The Fresh Prince of Bel-Air tried to make you cry

Though you can still find it somewhere on TV just about any time of day, it’s been 25 years since the first episode of “The Fresh Prince of Bel-Air” debuted on Sept. 10, 1990.

The series that launched rapper Will Smith as an actor — maybe you’ve heard of him? — ran for six seasons on NBC. In that time, viewers came to love Will, an LA transplant from Philadelphia, who moved in with his wealthy aunt, uncle and cousins. (They also fell in love with the Carlton dance.)

While it was a sitcom at heart, “The Fresh Prince” also tried fairly regularly to make those tuning in cry. Join Zap2it in looking back at five of the show’s most emotional moments and see how long you can hold back your tears.

1. Season 1, episode 6: ‘Mistaken Identity’

It was early in the first season when “Fresh Prince” decided to tackle important social issues like racial profiling. In “Mistaken identity,” Will and Carlton (Alfonso Ribeiro) are arrested for doing little else then being black and driving a Mercedes at night.

While the event isn’t all that surprising to Will or Uncle Phil (James Avery), seeing Carlton try to justify what they were put through is tough to watch. Growing up as he did, he has trouble voicing out loud that such injustices are a reality. Still, viewers can hear in his tone how shocked he is upon realizing what the world can really be like.

2. Season 3, episode 19: ‘Just Say Yo’

It’s not uncommon for a sitcom to have a “very special episode” dedicated to drug use. For “Fresh Prince,” that meant Carlton almost dying after mistakenly taking drugs he found in Will’s locker.

Though his cousin lived, Will was racked with guilt and couldn’t stop the tears when he finally admitted to his family what he’d done. Failing the family that took him in is that last thing Will ever wanted to do, but admitting how he’d put one of their lives in danger may have been the hardest.

3. Season 4, episode 8: ‘Blood is Thicker Than Mud’

Throughout the series, Will constantly poked fun at Carlton for the music he listened to and the way he dressed. His ribbing was always with love, though. When Carlton was denied membership in a black fraternity because of who he is, that didn’t sit well with Will.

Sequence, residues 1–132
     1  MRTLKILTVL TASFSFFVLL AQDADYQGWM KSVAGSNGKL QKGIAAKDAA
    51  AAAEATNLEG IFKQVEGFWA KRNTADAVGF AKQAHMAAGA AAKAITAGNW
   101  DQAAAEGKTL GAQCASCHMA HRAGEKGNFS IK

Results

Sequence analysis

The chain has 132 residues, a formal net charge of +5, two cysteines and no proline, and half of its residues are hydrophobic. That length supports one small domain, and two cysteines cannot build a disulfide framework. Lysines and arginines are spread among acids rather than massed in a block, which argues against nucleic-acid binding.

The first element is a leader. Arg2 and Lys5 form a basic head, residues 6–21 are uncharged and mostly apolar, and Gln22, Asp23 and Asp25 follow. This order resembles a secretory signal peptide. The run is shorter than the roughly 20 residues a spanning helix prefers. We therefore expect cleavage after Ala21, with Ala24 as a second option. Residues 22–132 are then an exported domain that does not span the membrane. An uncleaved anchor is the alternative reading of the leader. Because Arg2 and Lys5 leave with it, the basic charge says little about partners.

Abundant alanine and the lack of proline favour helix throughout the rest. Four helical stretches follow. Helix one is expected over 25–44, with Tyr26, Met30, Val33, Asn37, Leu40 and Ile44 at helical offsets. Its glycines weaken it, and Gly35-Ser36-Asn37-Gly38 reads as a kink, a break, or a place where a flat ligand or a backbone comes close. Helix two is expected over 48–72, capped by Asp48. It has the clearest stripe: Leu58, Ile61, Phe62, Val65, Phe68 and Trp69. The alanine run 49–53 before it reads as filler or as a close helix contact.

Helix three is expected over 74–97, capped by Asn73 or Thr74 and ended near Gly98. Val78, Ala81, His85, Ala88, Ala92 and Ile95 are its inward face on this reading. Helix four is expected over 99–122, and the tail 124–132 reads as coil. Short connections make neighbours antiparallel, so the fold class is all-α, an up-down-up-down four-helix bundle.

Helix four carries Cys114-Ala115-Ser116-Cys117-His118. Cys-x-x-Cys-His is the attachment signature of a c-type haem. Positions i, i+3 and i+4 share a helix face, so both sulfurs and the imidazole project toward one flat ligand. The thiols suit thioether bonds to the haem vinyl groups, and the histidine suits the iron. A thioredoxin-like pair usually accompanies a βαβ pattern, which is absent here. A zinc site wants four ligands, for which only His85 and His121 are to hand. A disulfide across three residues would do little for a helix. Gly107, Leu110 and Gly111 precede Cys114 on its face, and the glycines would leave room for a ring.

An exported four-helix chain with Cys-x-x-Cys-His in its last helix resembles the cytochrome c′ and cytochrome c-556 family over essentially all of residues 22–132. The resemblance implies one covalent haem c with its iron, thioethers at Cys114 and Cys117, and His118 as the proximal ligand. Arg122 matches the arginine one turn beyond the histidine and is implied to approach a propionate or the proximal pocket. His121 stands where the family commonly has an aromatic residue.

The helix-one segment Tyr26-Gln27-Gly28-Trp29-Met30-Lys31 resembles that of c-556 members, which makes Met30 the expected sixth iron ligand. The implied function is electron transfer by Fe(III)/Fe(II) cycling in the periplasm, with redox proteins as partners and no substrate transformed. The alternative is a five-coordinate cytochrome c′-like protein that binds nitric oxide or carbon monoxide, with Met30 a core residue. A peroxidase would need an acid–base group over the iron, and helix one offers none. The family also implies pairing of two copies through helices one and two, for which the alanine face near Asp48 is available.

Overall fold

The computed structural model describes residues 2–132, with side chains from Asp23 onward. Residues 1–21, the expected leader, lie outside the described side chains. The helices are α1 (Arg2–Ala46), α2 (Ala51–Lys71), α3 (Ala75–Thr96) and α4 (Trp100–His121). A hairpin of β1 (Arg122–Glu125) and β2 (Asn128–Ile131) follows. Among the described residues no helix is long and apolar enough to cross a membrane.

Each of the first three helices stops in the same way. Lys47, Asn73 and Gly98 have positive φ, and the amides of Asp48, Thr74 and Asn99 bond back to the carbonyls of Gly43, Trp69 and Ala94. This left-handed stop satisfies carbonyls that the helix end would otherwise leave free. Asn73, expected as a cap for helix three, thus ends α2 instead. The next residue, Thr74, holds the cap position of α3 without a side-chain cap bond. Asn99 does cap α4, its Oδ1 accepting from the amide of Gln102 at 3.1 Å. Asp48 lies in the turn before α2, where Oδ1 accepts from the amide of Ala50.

In a moment that showed how much he’d had grown since the first season, Carlton stood up for himself in the face of someone questioning his race simply because of his upbringing. “Being black isn’t what I’m trying to be, it’s what I am,” he says in one of Ribeiro’s finest moments on the show. “I’m running the same race and jumping the same hurdles you are, so why are you tripping me up?”

4. Season 4, episode 24: ‘Papa’s Got a Brand New Excuse’

While this may go down as the most emotional moment in the show’s history, it’s also one that was completely improvised by Smith. After Will’s father disappears from his life, he was originally scripted to shrug it off.

Instead, Smith delivered one of the best performances of his career with a powerful monologue about how he’s gotten so far without his dad and doesn’t need him — while all he really wants to know is why his father would abandon him. Many thought this was because Smith’s own father abandoned him, but the actor has confirmed that’s not the case.

5. Season 5, episode 15: ‘Bullets Over Bel-Air’

It wasn’t often violence came to “The Fresh Prince of Bel-Air,” but when it did it carried a heavy weight. After being mugged alongside Will — who was shot — Carlton was living in fear and decided carrying a gun was the best solution to his problem.

That leads to a showdown between the cousins, with a hospitalized Will being the voice of reason, telling Carlton that roaming the streets with a gun isn’t the answer. “That’s not you, man,” he tells his cousin. “That’s them.” It’s only after Carlton finally hands over the firearm and leaves that the full realization of what could have have been had Carlton used the gun hits Will full force.

Posted by:Chris E. Hayner

Chris E. Hayner is equal parts nerd, crazy person and coffee. He watches too much TV, knows more about pro wrestling than you do and remembers every single show from the TGIF lineup. You may have seen him as a pro-shark protester in "Sharknado 3." His eventual memoir will be called "You're Wrong, Here's Why..." TV words to live by: "I'm a firm believer that sometimes it's right to do the wrong thing."